VONGA is dead – long live FVA? – Openreach

BT has killed off VoNGA. Bit of a shame really because I was kinda fonda VoNGA. Voice over Next Generation Access or VoNGA was BT Openreach’s initial stab at voice over fibre and initially at least notionally aimed at new developments where it didn’t make sense to put legacy voice infrastructure into an exchange.

Now BT has strangled VoNGA in the womb. We never really heard it’s first cry.

Don’t get me wrong. It was only the acronym I liked – I thought it sounded good. The product itself, a reduced feature set Plain Old Telephone Service (if such a thing is possible), did not impress, partly because of its total lack of ambition but also its complexity. My biggest concern was that BT would replace such an obviously good acronym with some fancy marketing lingo.

Instead we now have Fibre Voice Access (FVA). Not nearly such a good acronym and though the product is simpler than VONGA I’m not sure that is is anything other than a fibre based POTS service. CPs will now just buy the basic service from Openreach – just like they now rent a copper cable.

The two diagrams below show the kit you would have in your premises and how this notionally connects to the phone network using the Communications Provider’s VoIP platform (both carry the usual Openreach disclaimers about being subject to change).

The one thing that annoys me is that the pricing for this product looks just like that Openreach charges for a copper line and that is despite the fact that fibre should not cost anything near as much to operate. I guess if I was the operator with Significant Market Power I’d be looking to squeeze as much out of the punters as I could get.

Moreover it remains to be seen what value users will get for this money. In my mind there should be nothing to stop CPs selling voice over broadband services to people without the involvement of Openreach as long as the basic Fibre To The Premises capability is there.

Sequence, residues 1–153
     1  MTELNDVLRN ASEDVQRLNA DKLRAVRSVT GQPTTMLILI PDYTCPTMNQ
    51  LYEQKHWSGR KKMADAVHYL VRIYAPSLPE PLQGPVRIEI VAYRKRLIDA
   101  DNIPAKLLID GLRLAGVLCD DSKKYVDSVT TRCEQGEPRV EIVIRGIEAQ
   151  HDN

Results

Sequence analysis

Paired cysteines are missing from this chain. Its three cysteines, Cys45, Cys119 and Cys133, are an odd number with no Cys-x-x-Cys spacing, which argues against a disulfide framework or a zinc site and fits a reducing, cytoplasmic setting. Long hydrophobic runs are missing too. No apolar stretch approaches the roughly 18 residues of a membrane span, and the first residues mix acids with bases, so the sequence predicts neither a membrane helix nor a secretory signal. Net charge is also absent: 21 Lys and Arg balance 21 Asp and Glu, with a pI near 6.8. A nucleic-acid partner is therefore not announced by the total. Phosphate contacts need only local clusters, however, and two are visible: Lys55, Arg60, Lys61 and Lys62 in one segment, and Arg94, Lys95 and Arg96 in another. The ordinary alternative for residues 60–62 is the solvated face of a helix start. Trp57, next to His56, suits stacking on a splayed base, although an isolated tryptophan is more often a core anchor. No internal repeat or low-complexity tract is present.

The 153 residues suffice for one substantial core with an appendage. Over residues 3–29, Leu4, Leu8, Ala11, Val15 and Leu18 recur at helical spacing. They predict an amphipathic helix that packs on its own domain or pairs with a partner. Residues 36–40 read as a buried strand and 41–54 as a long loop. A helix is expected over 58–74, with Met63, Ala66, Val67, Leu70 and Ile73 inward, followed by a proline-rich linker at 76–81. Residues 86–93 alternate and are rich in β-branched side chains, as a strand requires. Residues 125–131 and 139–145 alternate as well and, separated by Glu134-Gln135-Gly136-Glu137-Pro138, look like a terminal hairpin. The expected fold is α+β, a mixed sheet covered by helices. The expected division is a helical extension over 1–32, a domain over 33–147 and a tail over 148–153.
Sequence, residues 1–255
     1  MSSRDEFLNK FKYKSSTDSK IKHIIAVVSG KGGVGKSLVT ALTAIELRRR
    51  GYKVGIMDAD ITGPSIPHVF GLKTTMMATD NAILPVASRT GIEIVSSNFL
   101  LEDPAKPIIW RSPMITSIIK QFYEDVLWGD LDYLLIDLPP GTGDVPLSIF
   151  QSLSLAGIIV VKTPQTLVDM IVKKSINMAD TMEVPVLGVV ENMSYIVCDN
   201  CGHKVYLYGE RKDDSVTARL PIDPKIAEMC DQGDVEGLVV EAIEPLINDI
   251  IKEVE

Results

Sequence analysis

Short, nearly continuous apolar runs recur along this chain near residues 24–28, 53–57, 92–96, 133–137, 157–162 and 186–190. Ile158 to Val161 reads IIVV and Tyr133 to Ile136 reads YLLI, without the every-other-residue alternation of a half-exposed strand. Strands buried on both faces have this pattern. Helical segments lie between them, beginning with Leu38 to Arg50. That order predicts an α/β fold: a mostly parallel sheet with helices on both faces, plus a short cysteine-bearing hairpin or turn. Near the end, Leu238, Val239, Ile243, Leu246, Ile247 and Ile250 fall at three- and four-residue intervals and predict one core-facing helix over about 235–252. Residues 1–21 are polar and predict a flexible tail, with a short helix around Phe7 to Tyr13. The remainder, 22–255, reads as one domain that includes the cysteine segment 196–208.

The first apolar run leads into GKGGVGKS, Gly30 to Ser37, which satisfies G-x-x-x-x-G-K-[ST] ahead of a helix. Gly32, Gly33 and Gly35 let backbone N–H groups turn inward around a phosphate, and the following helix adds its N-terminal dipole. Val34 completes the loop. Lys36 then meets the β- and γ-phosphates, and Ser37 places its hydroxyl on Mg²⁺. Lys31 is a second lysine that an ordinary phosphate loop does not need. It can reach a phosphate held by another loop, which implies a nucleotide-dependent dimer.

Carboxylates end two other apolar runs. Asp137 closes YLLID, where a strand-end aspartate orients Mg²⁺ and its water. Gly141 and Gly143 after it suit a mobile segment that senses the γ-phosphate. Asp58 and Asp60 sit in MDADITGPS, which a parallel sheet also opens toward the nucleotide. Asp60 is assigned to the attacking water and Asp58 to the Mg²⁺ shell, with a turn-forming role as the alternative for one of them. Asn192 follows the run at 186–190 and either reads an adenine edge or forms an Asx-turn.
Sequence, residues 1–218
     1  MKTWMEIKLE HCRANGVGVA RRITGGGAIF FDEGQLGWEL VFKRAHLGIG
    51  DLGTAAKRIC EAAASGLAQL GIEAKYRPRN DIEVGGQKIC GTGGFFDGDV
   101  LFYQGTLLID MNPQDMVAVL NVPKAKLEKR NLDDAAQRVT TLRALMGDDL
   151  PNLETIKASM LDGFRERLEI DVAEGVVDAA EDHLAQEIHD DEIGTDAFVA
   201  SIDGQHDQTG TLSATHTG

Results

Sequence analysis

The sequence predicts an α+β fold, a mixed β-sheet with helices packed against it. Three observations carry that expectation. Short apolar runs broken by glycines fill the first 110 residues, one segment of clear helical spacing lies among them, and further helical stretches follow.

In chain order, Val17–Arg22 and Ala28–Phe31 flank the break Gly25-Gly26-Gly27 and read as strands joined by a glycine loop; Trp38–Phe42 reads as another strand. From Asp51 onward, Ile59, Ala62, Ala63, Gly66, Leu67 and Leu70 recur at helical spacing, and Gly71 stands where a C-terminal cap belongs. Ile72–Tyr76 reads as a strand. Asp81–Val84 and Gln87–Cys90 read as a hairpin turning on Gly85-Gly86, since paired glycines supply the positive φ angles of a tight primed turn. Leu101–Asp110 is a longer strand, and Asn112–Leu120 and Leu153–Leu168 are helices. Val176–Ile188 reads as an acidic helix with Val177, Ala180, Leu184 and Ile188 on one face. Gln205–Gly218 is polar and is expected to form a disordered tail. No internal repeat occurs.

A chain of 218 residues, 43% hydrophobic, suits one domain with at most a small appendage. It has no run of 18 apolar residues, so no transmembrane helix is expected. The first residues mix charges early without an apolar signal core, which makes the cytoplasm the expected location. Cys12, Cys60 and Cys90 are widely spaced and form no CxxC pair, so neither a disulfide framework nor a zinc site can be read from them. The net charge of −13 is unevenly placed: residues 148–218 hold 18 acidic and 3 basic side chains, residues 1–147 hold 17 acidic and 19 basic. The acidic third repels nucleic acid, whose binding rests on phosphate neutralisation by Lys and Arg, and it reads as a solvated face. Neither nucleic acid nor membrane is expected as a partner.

The Openreach pitch is that this product provides PATS (Publicly Accessible Telephone System) compatibility, a legal requirement. However most ITSPA members will attest to already being PATS compliant.

Before getting too animated here we should remind ourselves that this is in anycase a long term play for Openreach. Based on the FTTP planned footprint, which will be available to 25% of people in Fibre To The Cabinet (FTTC) areas. This means that by Summer of 2012 there will be roughly 2.5m premises that might be able to get FVA rising to roughly 66% of all UK premises by 2015 (15 millions or so premises).

Not exactly numbers to excite. Even the acronym is boring. I think the UK’s stable of Alternate Operators will have to take the lead here in providing VoIP over broadband based services that offer 21st century features. Openreach does claim to have interested CP partners.

Fibre Voice Access kit from Openreach

Fibre Voice Access kit from Openreach

The BBU in the picture is Battery Backup Unit which is likely to cause problems – who changes the battery when it no longer works?  The Communications Provider? If the CP choses not to do this does this mean they are liable  in the event of non-functioning of the telephone if there is a power cut – an analogue telephone takes its power off the copper line – this is not the case for fibre. Openreach is, I believe still in discussions re the best approach here.

This product is initially only being considered for brownfield sites.  Greenfield sites will also be available for voice only as BT is obliged to provide a service under their Universal Service Obligation.  It is expensive though. Also FTTC is not in the frame initially.

schematic FVA system

schematic Fibre Voice Access (FVA) system

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One thought on “Mobile operators wreaking havoc with pricing

  1. This is the way many telco’s have operated since time immemorial.

    There are a number of small companies that have made massive profits from buying cheap capacity to location X and making a push on selling that location cheap using a time limited promotion then switching the prices high and catching out large numbers of subscribers who didn’t notice the end of the ‘promotional offer’.

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